The other day my husband and I were at lunch with my son, who happened to be sleeping, so we had a chance to actually speak uninterrupted. We chatted for a few minutes about everyday things, and then he looked at me and asked, “What do you want to do differently with this baby?”
We are expecting our second child in December. Our kids will be 23 months apart, and our experiences with our son as a newborn are still fairly fresh in our minds. This time, when we bring our newborn home, we won’t be first-time parents, and we will at least be more confident that we know what we’re doing. We have learned many lessons from our son, and while we are so proud of the kid he is becoming, we have a few things that we want to do differently this time around:
- Let more people hold the baby: while I didn’t make a conscious decision not to let other people hold our baby, I just wanted to hold him all the time. When others held him and he fussed, it was just easier to take him from the person because I knew he would be happier. Well, there is no way to know whether that really contributed or if he is just clingy by nature, but William is very, very attached to me. He lets very few other people hold him – only my husband and some close family members. And if I am in the room, he almost always prefers me. I know he will outgrow this and it’s not a huge problem, but it can be exhausting and it’s a bummer for friends and family when they want to hold him and play with him and he won’t have it. Of course my husband and I will hold the baby the most in the beginning, but I want to make an effort to encourage him or her to be comfortable with other people. So I plan to be more relaxed about passing the baby around.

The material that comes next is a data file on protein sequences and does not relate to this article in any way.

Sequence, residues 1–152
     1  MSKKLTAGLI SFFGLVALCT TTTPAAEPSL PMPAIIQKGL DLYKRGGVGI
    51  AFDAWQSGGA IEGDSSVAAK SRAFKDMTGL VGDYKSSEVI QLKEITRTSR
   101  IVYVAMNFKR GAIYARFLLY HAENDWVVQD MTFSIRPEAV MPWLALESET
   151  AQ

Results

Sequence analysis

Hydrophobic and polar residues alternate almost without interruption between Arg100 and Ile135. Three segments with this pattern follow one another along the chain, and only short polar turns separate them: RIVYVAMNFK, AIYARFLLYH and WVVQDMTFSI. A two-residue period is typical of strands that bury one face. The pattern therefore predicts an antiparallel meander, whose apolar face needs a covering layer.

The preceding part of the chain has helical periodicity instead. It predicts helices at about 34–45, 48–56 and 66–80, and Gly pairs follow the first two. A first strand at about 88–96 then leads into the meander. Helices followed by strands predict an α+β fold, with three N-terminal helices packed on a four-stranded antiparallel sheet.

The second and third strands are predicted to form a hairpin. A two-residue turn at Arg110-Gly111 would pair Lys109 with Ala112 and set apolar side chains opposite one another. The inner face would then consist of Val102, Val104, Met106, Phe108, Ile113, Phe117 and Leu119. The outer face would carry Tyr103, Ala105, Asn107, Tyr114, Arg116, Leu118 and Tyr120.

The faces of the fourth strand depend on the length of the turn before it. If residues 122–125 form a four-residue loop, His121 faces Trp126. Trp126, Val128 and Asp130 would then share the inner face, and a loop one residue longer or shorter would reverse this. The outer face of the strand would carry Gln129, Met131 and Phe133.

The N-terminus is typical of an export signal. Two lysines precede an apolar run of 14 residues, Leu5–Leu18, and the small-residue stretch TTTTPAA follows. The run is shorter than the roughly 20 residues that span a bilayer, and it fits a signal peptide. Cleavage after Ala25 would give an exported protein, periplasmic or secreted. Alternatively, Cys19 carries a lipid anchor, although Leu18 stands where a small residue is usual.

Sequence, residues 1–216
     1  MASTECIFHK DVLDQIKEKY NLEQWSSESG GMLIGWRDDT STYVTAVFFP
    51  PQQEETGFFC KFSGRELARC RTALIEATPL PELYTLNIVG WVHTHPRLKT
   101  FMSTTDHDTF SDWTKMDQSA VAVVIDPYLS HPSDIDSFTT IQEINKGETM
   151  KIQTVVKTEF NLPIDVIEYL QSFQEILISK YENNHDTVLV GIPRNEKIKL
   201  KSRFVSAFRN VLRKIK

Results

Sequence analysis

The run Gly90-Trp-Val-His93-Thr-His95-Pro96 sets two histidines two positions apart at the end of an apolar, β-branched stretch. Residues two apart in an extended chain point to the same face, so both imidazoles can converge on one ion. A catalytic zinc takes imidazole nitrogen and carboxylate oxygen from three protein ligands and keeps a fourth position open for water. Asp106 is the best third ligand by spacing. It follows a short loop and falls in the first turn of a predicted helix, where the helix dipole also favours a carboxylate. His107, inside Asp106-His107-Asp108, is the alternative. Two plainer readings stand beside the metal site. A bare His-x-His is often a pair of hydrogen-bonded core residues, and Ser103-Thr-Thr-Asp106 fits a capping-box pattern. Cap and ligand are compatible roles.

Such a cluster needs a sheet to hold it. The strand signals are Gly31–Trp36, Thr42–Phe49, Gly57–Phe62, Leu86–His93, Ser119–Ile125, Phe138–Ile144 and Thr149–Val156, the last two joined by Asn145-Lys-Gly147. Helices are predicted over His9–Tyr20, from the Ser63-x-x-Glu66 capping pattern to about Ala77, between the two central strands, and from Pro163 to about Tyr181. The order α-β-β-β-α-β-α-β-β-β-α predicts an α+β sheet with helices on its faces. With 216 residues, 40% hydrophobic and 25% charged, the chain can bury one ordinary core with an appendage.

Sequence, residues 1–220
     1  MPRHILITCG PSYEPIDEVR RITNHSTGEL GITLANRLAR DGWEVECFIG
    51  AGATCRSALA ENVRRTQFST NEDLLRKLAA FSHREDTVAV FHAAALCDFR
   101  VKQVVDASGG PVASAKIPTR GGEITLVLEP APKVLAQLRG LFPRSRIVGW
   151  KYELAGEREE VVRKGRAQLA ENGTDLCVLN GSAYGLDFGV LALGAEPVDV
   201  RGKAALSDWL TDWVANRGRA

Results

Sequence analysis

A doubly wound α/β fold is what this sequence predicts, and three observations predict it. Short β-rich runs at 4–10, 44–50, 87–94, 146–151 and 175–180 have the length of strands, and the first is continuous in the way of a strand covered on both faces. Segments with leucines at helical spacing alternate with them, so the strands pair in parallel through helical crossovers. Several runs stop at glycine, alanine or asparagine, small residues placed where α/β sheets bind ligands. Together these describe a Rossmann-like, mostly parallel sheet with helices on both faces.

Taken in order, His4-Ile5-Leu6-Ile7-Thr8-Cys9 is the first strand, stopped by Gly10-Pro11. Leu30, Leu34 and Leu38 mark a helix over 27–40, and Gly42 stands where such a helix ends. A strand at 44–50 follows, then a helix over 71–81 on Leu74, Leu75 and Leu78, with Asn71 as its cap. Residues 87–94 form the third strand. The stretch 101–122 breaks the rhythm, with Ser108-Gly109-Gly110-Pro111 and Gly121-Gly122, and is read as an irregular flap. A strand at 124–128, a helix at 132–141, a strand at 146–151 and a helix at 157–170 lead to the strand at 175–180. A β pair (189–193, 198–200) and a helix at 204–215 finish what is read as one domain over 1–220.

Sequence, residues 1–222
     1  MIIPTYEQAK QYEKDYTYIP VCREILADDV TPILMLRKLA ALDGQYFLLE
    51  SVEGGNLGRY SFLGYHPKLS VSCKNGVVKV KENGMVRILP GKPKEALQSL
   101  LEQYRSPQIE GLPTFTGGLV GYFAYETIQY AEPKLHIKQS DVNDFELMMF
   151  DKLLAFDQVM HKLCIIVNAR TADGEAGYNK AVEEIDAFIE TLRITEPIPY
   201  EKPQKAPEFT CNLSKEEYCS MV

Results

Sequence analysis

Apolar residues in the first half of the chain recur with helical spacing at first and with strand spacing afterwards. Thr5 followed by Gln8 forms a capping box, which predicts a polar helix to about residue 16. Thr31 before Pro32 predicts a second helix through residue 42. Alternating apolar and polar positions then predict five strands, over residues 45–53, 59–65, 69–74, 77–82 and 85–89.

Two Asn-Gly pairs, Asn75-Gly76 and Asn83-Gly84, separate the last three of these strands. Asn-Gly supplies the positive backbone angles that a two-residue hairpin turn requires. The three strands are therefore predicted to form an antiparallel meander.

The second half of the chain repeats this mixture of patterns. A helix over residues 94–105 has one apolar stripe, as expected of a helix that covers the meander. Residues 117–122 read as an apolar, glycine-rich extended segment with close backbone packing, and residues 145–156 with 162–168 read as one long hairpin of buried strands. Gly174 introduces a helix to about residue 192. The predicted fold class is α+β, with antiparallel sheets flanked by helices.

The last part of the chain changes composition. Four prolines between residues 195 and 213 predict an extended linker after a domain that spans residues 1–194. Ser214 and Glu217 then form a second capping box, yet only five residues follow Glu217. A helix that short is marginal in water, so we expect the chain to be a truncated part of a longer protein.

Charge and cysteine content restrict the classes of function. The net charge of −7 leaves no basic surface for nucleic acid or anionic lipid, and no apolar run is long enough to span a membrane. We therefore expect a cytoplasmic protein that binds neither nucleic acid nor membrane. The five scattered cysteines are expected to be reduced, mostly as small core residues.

- Do more tummy time: this may sound pretty specific, but we can broaden it to say “do all the stuff you’re supposed to do to encourage newborn development.” My son hated tummy time and cried every time, and my tired and hormonal self just couldn’t take it. So we didn’t do much tummy time early on. Again, I can’t know for sure, but it makes sense to me that this was behind William hitting his milestones a little late. As most parents know, tummy time ultimately leads to rolling over, which eventually leads to crawling. William hit all his milestones eventually and is a perfectly normal toddler, but it did cause me some anxiety when comparing him to other babies that I knew (big mistake, I know, but all moms do it).
- Encourage better sleep habits: confession time, my son is 18 months old and is still not a great sleeper. Sometimes he sleeps all night, sometimes he doesn’t. I don’t want to go through another year and a half of not sleeping. I confess I don’t have much of a plan yet, but I plan to do a lot of research between now and the birth. With my son, I guess I just assumed he would eventually sleep longer and longer stretches until he slept all night, but I’m going to try to be more proactive this time about my baby’s sleeping.
As my due date nears, I hope I can keep reflecting on my experience so far raising William and use what I have learned to keep becoming a better parent. I know there are a lot more lessons in our future, and I’m just doing my best to stay open to them!